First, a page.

Women athletes have faced shameless gender discrimination at every turn in their careers and have had to stride long lengths to prove themselves as equals. At times they were paid less than their male counterparts in the same sport; as in the case of Billie Jean King– the inexorable Tennis star who, just to prove her point, floored the self-declared ‘male chauvinist pig’ Bobby Riggs in the 1973 tennis match popularly known as the ‘The Battle Of the Sexes’ at Astrodome in Houston.
Other times they could find little space for the expression of their faiths in international tournaments and defied dress codes to make declarations for their choice and beliefs.
Back in 2016, at the Rio Summer Olympics; An Egyptian Volleyball Team composed of Doaa Elghobashy and her partner Nada Meawad fashioned history by being Egypt’s first-ever Olympics team to compete in a Beach Volleyball Tournament.
However, this was not the only historical event that took place; Doaa Elgobashy took social media by storm after appearing and competing in the tournament in a hijab, as a statement for her adherence to her faith, empowering other Muslim women in sports to unabashedly commit to the faith even on an international scale.
While more and more female athletes have resorted to challenging traditional dress codes at sports events for spiritual reasons, German Gymnasts Sarah Voss, Pauline Schaefer-Betz, Elizabeth Seitz, and Kim Bui once again chronicled their name in history by discarding bikini cut Leotards (which is the standard costume for gymnasts) and showing up and performing in full-body Unitards at the Tokyo Olympics, 2021 condemning the over-sexualization and objectification of women in sports in lieu of any cultural or religious reasons.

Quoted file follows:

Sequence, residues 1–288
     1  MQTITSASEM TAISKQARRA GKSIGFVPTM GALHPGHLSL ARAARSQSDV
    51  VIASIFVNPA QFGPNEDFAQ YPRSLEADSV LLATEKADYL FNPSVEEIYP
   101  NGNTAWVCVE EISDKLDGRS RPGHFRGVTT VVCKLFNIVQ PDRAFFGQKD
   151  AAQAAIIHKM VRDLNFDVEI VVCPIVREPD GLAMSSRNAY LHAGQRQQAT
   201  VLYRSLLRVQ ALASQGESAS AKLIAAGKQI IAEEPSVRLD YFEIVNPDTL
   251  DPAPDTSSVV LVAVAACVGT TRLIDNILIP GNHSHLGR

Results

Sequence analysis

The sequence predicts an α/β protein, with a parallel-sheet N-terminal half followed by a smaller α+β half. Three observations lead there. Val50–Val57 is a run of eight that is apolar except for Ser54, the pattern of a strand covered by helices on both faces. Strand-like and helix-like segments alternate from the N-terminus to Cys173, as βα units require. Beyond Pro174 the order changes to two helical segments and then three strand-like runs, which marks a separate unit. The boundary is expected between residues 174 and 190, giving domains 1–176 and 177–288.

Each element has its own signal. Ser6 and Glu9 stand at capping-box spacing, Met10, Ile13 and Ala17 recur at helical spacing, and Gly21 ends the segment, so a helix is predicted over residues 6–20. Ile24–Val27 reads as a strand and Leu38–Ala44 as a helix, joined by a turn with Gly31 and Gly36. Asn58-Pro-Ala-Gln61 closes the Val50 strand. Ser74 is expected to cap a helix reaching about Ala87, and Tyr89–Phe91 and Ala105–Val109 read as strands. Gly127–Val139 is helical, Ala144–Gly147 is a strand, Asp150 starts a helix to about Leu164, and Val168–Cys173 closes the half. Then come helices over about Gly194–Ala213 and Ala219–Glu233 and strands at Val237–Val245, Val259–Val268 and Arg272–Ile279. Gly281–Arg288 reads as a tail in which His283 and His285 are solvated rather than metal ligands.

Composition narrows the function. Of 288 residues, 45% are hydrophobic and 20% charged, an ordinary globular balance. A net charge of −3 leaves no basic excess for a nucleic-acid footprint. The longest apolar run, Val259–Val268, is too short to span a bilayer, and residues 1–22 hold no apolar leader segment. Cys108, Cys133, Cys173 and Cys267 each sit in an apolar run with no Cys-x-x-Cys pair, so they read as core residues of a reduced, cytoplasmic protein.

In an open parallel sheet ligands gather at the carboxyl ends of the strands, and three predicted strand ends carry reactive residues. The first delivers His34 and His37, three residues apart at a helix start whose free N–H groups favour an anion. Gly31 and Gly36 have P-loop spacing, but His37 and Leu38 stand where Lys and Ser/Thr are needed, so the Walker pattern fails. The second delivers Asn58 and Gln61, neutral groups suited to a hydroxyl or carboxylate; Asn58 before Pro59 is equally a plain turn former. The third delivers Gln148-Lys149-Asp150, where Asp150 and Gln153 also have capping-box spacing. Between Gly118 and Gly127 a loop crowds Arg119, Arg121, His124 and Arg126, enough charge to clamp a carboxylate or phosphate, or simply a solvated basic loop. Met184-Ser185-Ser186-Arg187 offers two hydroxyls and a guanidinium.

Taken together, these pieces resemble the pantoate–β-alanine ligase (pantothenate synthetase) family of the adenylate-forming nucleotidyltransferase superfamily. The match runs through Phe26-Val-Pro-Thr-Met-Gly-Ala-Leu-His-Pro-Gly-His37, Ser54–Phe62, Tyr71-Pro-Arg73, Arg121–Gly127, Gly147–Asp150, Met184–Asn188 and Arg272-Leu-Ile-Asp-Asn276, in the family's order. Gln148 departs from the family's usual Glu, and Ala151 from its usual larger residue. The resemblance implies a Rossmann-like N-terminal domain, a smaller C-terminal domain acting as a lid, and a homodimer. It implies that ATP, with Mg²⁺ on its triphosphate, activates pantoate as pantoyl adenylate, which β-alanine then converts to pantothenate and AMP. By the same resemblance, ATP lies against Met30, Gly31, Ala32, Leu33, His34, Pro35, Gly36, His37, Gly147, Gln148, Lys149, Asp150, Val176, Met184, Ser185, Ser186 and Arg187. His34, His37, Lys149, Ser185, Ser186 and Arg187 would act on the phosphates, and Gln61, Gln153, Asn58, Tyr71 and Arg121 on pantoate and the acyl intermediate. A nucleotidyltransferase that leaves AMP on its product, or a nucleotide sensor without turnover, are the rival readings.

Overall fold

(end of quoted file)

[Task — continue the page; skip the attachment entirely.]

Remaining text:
In an interview with Reuters Voss said:
“Gymnasts don’t always feel comfortable training in leotards, also in gymnastics competitions, one has the feeling that they slip out of place or could slip out of place. And perhaps the cameras and photographs can catch this poor moment… This bodysuit originated, for this reason, simply to show that there is a possibility and since 2012, wearing matching trousers is also allowed. With the bodysuit we wanted to show the campaign ‘it’s my choice’. We can always freely decide if we want to wear a leotard or a full body suit.”
Although these gymnasts did not break any rules, they did put their performance review at risk because it is evidently noted throughout past gymnastics tournaments that gymnasts who donned unitards generally ended up having their points deducted post-performance.
This, dear readers, is a seamless instance of just how beguilingly sexism and gender norms work their dark magic- from declaring certain types of sports that flaunt the ‘feminine characteristics in a woman’s figure- like Ice-skating and Gymnastics as ‘women appropriate and shelving others like boxing for being ‘too aggressive’ for them to disfavouring non-conforming sportspeople.
It is fairly common for male gymnasts to get ridiculed as athletes by society and other sportspeople; henceforth instigating gender-normative mockery and taboo around the concept of choice even in sports. It is to be lauded that some athletes such as Voss and her team are challenging these traditions and normalizing choice even without religious reasons.
They were commanded by their country’s Gymnastics Federation for taking a stand and also encouraging other female athletes to wear what makes them feel comfortable. In the course of which, many female gymnasts have ditched the old bikini-cut leotards and opted for Full-body suits or ‘unitards’ to flaunt athleticism over the so-called femininity.